Biodeterioration Affecting Efficiency and Lifetime of Plastic-Based Photovoltaics

Felix Schmidt, Yannick Serge Zimmermann, Gisele Alves dos Reis Benatto, Boris A. Kolvenbach, Andreas Schäffer, Frederik C. Krebs, Eric D. van Hullebusch, Markus Lenz*

*Corresponding author for this work

Research output: Contribution to journalReviewResearchpeer-review

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The low environmental impact of electricity generation using solar cells crucially depends on high energy-conversion efficiencies, long lifetimes, and a minimal energy and material demand during production. Emerging thin-film photovoltaics such as perovskites on plastic substrates could hold promises to fulfill all these requirements. Under real-world operating conditions, photovoltaic operation is challenged by biological stressors, which have not been incorporated for evaluation in any test. Such stressors cause biodeterioration, which impairs diverse, apparently inert materials such as rock, glass, and steel and therefore could significantly affect the function and stability of plastic-based solar cells. Given that different photovoltaic technologies commonly use similar materials, the biodeterioration mechanisms reviewed here may possibly affect the efficiency and lifetimes of several technologies if they occur sufficiently faster (during the expected lifetime of photovoltaics). Once the physical integrity of uppermost module layers is challenged by biofilm growth, microbially mediated dissolution and precipitation reactions of photovoltaic functional materials are very likely to occur. The biodeterioration of substrates and seals also represents emission points for the release of potentially harmful photovoltaic constituents to the environment. Upon exposure to the natural environment, not even diamonds are forever. In real-world operating conditions, photovoltaics are affected by biodeterioration through biofilm growth that impairs diverse, apparently inert materials, such as rock, glass, and steel. Biodeterioration goes beyond obstructing incoming light and affecting energy conversion; it challenges the physical integrity of substrates. This phenomenon may thus heavily degrade primarily plastic-based thin-film photovoltaics. Following initial degradation, functional layers can undergo microbially mediated dissolution and precipitation, thereby affecting the lifetimes of such solar cells. Biofilm development also influences how potentially harmful photovoltaic constituents (e.g., lead from perovskites) are released to the environment. Despite the considerable potentiality of these detrimental effects, however, they are yet to be systematically studied. Given that different types of solar cells commonly use similar materials, the biodeterioration mechanisms reviewed here may affect several technologies. This paper provides a comprehensive review of the colonization of photovoltaics by sub-aerial biofilms and their potential negative impacts on photovoltaics. We discuss why abiotic laboratory tests for PV efficiency and lifetime poorly reflect the stress PVs suffer in outdoor conditions. We then summarize the knowledge on soiling as well as microbial-, algal-, and fungal growth on PVs. This is followed by a discussion of the physical mechanisms that affect PV efficiency via soiling and photon competition as well as chemical and biological mechanisms (plastic degradation, microbially induced dissolution, and precipitation reactions) that can affect active layers and thus the lifetime of PVs in the field. Solar cells are subjected to various physical, chemical, and biological stressors in the field. Here, a perspective on the potential detrimental effects of biofilm growth on solar cells is given. Soiling and photon competition affect the photovoltaic performance of all cells, while a suite of biochemical mechanisms (“biodeterioration”) may affect the efficiency and lifetime of plastic-based solar cells in particular. Further, biodeterioration might provide a pathway for the entry of harmful solar cell components to the environment.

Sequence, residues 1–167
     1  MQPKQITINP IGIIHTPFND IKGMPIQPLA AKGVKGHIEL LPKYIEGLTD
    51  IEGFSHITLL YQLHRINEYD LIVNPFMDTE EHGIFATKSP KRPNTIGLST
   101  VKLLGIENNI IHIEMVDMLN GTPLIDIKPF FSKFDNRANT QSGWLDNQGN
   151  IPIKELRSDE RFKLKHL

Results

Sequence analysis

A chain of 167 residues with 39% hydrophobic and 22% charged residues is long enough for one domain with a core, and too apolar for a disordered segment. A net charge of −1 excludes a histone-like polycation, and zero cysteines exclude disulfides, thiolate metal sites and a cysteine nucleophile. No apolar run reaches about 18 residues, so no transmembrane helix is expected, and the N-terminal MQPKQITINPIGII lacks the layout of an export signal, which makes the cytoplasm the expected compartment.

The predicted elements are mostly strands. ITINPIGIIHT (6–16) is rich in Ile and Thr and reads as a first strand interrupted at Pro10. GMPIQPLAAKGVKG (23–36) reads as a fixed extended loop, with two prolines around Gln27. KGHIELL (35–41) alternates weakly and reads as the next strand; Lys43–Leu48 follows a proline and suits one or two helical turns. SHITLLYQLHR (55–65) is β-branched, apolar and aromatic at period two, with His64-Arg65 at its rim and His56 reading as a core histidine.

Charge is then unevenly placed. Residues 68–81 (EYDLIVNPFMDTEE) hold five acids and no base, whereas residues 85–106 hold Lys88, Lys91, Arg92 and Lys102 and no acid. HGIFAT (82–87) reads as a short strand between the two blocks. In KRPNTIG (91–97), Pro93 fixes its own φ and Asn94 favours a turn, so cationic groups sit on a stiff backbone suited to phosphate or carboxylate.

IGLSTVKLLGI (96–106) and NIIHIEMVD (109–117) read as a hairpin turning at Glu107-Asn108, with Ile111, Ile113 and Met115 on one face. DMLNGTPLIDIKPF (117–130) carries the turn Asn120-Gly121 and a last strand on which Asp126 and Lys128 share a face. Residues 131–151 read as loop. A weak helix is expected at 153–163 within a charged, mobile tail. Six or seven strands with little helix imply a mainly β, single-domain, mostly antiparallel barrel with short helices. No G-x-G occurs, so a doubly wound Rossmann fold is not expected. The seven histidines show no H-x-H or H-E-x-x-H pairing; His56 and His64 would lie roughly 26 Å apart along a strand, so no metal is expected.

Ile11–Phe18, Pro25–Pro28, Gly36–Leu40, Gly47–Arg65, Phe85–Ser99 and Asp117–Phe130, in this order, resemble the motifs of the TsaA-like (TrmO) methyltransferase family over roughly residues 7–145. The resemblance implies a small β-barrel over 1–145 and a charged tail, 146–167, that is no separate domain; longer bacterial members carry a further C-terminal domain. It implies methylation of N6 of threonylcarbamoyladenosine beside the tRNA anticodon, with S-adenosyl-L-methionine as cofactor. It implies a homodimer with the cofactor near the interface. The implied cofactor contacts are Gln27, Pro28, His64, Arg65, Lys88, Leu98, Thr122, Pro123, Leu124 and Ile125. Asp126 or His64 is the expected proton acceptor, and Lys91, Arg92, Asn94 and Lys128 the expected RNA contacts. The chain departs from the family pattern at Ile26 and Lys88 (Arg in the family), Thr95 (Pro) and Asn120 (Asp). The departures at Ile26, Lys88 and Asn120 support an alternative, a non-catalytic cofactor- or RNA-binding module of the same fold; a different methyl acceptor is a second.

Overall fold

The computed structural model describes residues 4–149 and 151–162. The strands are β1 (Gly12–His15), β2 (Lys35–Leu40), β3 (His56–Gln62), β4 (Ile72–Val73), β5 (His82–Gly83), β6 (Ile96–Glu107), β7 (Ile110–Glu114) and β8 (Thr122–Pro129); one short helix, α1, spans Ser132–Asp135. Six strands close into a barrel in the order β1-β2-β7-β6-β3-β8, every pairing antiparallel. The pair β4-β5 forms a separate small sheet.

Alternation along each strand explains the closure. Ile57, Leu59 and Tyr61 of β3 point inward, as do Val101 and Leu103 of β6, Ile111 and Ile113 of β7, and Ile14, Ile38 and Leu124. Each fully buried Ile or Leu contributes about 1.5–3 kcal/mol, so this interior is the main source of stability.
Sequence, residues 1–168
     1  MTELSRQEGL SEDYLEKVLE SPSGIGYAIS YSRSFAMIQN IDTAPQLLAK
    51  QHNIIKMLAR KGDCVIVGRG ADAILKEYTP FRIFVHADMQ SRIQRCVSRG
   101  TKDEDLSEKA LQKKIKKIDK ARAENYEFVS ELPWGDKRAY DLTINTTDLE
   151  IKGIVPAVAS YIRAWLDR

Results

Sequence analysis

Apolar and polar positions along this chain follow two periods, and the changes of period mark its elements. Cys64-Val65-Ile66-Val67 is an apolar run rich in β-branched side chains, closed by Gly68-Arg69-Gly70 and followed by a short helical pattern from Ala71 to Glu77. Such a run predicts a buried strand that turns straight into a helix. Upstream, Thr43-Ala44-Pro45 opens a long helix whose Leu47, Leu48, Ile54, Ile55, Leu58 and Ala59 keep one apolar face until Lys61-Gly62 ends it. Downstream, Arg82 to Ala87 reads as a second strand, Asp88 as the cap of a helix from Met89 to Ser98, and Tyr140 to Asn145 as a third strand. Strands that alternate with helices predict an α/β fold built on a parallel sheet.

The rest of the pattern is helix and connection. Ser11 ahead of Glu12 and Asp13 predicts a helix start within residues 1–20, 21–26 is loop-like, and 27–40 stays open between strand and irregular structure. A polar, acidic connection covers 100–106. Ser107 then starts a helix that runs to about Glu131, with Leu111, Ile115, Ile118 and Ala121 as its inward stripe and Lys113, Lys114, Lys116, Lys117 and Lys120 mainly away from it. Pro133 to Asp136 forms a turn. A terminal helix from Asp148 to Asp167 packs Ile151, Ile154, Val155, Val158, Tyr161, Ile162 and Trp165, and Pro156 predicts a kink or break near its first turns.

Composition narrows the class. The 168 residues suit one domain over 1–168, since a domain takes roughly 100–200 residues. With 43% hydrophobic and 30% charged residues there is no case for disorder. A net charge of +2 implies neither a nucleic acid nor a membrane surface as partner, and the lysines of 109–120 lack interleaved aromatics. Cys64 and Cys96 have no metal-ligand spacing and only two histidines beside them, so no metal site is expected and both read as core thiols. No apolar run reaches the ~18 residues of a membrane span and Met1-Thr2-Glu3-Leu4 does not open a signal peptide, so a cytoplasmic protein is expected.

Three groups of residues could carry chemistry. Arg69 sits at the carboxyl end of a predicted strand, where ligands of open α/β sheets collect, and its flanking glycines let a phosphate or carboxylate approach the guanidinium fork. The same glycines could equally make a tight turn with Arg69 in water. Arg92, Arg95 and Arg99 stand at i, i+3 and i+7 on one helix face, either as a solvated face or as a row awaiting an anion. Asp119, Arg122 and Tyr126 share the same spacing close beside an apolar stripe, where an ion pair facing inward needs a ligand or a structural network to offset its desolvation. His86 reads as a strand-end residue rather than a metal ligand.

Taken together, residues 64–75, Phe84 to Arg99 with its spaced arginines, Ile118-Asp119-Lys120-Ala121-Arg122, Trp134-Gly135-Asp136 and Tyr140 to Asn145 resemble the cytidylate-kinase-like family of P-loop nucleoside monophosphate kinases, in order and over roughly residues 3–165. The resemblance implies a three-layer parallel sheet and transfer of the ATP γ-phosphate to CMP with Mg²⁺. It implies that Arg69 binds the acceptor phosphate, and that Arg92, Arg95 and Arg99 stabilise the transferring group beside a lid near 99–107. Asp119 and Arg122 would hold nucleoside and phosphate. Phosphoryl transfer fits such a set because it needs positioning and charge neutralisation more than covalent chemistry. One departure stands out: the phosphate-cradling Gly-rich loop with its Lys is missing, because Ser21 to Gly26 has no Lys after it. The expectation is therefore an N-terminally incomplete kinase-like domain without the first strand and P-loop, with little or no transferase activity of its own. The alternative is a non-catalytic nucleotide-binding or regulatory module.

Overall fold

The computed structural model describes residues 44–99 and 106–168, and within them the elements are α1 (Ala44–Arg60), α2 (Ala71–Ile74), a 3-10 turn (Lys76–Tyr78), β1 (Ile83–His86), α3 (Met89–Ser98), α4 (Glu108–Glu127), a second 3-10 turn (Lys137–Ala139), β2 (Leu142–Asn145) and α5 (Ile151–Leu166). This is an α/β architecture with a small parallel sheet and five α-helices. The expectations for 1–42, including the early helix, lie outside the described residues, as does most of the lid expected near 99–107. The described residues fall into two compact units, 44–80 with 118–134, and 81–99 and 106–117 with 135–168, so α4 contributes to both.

Original languageEnglish
Issue number10
Pages (from-to)2088-2100
Publication statusPublished - 14 Oct 2020


  • Biocorrosion
  • Degradation mechanisms
  • Failure mechanisms
  • Organic photovoltaics
  • Perovskite solar cells

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